Have you ever been disappointed in your life when something you thought would happen actually didn’t happen? As the disciples were walking along on this road to Emmaus, they were discouraged because the very thing that they thought would happen didn’t happen.
They were disappointed, not because they were expecting too much of Jesus, but because they were expecting too little of him. Their expectations were completely different than what Jesus wanted to offer them.
I want you to think for a moment and ask yourself, “What am I expecting from God? Is there anything that I am disappointed in that didn’t happen?” It’s quite possible that Christ wants to do something more for you than you could have ever desired or expressed, and it’s quite possible that he is in your midst right now.
The disciples had given up hope. They were walking away from Jerusalem. They were going on this road to Emmaus on a path that Jesus did not want them to be walking on. But he, like the good shepherd, went out to the lost sheep to bring them back.”
I want to focus on the phrase: “It happened.” “And it happened that while they were conversing and debating, Jesus himself drew near to them but their eyes were prevented from recognizing him.
And it happened that while he was with them at table, he took bread, said the blessing, broke it and gave it to them. With that, their eyes were opened, and they recognized him, but he vanished from their sight.”
We hear in the Book of Genesis as God is creating the heavens and the Earth,
“God made the dome and separated the water from below the dome from the water above the dome. And so it happened. And so it happened the water under the sky was gathered into a basin and the dry land appeared, and so it happened. The earth brought forth vegetation of every kind of plant that bears seed and every kind of fruit tree that bears fruit with its seed. God saw that it was good, and it happened. And so it happened that God made the two great lights, the greater one to govern the day and the lesser one to govern the night and the stars. And so it happened.”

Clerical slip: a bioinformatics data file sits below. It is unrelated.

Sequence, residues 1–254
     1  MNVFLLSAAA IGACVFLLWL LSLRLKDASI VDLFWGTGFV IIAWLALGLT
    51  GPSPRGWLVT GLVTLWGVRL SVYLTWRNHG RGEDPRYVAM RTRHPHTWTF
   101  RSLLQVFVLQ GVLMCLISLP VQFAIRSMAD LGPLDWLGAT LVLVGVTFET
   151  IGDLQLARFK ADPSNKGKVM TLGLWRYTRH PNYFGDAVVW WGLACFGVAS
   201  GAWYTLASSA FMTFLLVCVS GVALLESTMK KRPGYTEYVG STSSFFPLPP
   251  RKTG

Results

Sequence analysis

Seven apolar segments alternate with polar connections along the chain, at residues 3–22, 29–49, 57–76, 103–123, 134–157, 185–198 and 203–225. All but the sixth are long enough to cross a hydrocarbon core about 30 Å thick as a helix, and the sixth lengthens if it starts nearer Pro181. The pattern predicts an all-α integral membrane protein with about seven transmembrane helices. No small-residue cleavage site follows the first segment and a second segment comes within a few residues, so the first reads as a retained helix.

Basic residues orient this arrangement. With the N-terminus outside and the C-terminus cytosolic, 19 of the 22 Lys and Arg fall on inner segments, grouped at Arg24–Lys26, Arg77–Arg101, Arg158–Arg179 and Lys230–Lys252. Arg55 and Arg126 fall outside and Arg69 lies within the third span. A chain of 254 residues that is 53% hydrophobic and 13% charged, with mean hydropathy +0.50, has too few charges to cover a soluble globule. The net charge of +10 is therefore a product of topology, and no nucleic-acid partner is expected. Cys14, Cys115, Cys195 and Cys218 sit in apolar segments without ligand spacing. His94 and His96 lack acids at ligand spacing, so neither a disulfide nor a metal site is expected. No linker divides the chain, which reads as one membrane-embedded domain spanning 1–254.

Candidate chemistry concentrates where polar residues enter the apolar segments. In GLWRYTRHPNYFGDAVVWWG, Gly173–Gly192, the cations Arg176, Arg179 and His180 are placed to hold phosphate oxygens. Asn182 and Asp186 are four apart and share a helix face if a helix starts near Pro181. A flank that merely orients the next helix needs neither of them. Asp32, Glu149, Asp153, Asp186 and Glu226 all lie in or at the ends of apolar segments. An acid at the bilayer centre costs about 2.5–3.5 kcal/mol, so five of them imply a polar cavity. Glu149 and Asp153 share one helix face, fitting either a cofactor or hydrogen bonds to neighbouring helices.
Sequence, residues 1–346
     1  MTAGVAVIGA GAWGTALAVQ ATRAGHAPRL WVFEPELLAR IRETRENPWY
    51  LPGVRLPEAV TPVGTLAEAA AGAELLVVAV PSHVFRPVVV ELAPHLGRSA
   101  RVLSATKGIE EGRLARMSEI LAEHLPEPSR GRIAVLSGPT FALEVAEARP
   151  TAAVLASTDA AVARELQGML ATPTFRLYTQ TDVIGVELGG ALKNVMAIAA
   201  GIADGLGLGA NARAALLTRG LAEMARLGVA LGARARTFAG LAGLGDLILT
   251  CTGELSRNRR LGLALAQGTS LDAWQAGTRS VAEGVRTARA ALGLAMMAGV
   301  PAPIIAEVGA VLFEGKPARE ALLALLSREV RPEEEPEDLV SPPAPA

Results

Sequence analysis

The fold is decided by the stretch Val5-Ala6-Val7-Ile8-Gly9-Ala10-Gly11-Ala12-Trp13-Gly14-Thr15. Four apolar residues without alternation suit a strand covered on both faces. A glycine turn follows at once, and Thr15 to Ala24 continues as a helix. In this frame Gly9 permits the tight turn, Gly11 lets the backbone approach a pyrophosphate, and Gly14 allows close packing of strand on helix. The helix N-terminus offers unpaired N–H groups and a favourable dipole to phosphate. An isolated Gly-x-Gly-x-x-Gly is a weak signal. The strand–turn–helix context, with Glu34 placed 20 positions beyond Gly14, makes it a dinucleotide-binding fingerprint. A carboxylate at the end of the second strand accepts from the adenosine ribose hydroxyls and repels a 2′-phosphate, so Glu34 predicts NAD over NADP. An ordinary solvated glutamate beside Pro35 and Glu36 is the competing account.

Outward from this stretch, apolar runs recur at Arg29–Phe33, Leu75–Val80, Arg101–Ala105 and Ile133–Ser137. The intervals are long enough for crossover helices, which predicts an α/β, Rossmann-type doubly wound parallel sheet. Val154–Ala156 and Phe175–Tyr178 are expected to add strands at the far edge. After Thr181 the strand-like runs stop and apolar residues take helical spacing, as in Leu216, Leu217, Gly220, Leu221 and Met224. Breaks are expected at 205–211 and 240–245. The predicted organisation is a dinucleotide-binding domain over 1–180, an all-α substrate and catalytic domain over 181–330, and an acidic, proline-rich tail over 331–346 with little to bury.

Over and over and over again, when God desires something to happen, he brings it to existence, and it happens. And finally, “God looked at what he had made, and he found it very good. And so it happened.”
It happens every time he gathers his disciples together on the journey – hearing the word of God and the breaking of the bread. It happens right now, today, in the midst of his Eucharist, in you watching at home. It happens, and he comes to us in our midst.
The disciples were disappointed because what they thought should happen didn’t happen, but something even greater happened. It was while they were walking that it happened. God was doing something new in their presence that they couldn’t even understand.
As they sat down around the table with Jesus, and he broke the bread for them, it happened. The word of God was made flesh. It will happen here today at mass.
In the proclamation of the word of God, we hear his voice and it happens. In just a few moments, as I stand before the altar and take the bread and wine and transform it into the body and blood of Christ, it happens.
Maybe at this point in your life there is something or some way that it hasn’t happened for you. Maybe you feel that God hasn’t shown up where you expected him to be. The reality is it can and will happen because Jesus wants it to happen.
He wants to bring about a new creation, a new life in you. Jesus wants to meet you and to walk with you and to journey with you on whatever road you’re on – even if it’s a bad one. He wants to do something for you. He wants to appear to you so that you may see him and hear him.
As we go through this difficult time of being quarantined and missing out on the sacraments, Jesus is able to go beyond them. He is able to go and to meet you in your homes or whatever road you are on. He’s able to come to you.
And so maybe it hasn’t happened in the way you hoped it would or wanted it to, but something even greater happens when he comes into our presence.
As we celebrate this Easter Season I invite you to watch, to look, to see how you are going to experience him. Watch as it happens as he makes himself known to you.